Trends In Information Technology Law: Looking Ahead To 2017

As we go into 2017 the incipient 'technologisation' or 'IT-isation', if you'll excuse the terms, of our lives is gathering pace and becoming much plainer to see. The first few days of December 2016 alone have seen a number of significant developments:

Michigan, the home of the US motor industry, became the first state to enact a comprehensive set of state regulations for autonomous vehicles;1 Amazon announced its 'Just Walk Out' technology-enabled physical shop that does away with the check-out;2 and Google's Deep Mind subsidiary open sourced its core AI research platform.3 Whilst there is no easily observable overarching theme to unite these developments, they all centre on big data and can be grouped into building blocks around the cloud, AI and digital, and in combination constitute what has become known by the portmanteau term the fourth industrial revolution:

Figure 1: building blocks of the fourth industrial revolution

the cloud: computer processing is migrating to the data centre, the cloud's engine room, fuelled by growth in social and mobile and generating an explosion in big data volumes; artificial intelligence (AI): big data is enabling rapid advances in machine learning. Combining machine learning with billions of internet-connected sensors enables machine perception - advances in implantable and wearable devices, personal digital assistants, the Internet of Things, connected homes and smart cities. Add actuation - the ability to navigate the environment - to static machine learning and perception and you get to machine control - autonomous vehicles, domestic robots and drones; digital: other related digital developments on the cusp of adoption at scale as we head into 2017, include augmented reality, gene editing, 3D manufacturing and blockchain and smart contracts. AI and deep learning are worth calling out for particular attention. In research consultancy Gartner's 'Top 10 Strategic Technology Trends for 2007' survey,4 Gartner Vice-President and Fellow David Cearley said "over the next 10 years, virtually every app, application and service will incorporate some level of AI. This will form a long-term trend that will continually evolve and expand the application of AI and machine learning for apps and services."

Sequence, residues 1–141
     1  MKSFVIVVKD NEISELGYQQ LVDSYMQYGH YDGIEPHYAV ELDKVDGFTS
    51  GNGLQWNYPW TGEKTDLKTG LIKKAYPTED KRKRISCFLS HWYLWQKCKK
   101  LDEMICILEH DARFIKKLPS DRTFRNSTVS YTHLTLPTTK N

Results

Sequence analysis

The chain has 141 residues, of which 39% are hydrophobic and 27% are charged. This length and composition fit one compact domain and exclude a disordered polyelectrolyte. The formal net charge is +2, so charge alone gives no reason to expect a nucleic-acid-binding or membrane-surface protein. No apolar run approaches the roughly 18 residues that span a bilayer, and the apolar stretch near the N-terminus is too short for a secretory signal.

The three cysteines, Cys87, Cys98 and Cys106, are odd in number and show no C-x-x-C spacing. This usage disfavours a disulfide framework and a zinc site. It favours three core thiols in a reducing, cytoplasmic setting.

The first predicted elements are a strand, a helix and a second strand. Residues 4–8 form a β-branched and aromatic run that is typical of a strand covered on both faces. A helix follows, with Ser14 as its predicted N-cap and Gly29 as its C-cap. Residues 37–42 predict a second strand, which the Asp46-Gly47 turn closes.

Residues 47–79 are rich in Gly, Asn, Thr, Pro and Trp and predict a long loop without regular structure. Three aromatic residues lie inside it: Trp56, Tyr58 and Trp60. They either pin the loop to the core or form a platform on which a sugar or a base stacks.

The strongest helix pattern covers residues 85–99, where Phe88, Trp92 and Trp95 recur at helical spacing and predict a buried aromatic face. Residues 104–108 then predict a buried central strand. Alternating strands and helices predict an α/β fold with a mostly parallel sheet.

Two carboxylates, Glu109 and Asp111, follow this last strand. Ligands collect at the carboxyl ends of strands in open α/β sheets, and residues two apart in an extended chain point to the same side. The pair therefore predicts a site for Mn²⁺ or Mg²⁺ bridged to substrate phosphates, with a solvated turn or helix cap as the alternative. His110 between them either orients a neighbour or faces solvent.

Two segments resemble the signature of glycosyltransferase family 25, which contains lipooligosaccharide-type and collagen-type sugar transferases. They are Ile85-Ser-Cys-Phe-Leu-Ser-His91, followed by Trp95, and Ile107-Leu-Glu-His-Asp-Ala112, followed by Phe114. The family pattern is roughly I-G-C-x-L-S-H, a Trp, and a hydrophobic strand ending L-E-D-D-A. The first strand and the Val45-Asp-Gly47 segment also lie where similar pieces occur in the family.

Deep learning, a machine learning technique, is emerging as AI's 'killer app' enabler. It works by first using large training datasets to teach AI software to accurately recognise patterns from images, sounds and other input data and then, once trained, the software's decreasing error rate enables it to make increasingly accurate predictions. Deep learning is the core technology behind the current rapid uptake of AI in a wide variety of business sectors from due diligence and e-discovery by law firms to the evolution of autonomous vehicles. To show how this happens, Microsoft in October 2016 released an updated version of the Microsoft Cognitive Toolkit, its deep learning acceleration software, and provided in its accompanying5 blog an example of how the toolkit used training sets to increase training speech recognition accuracy. This...

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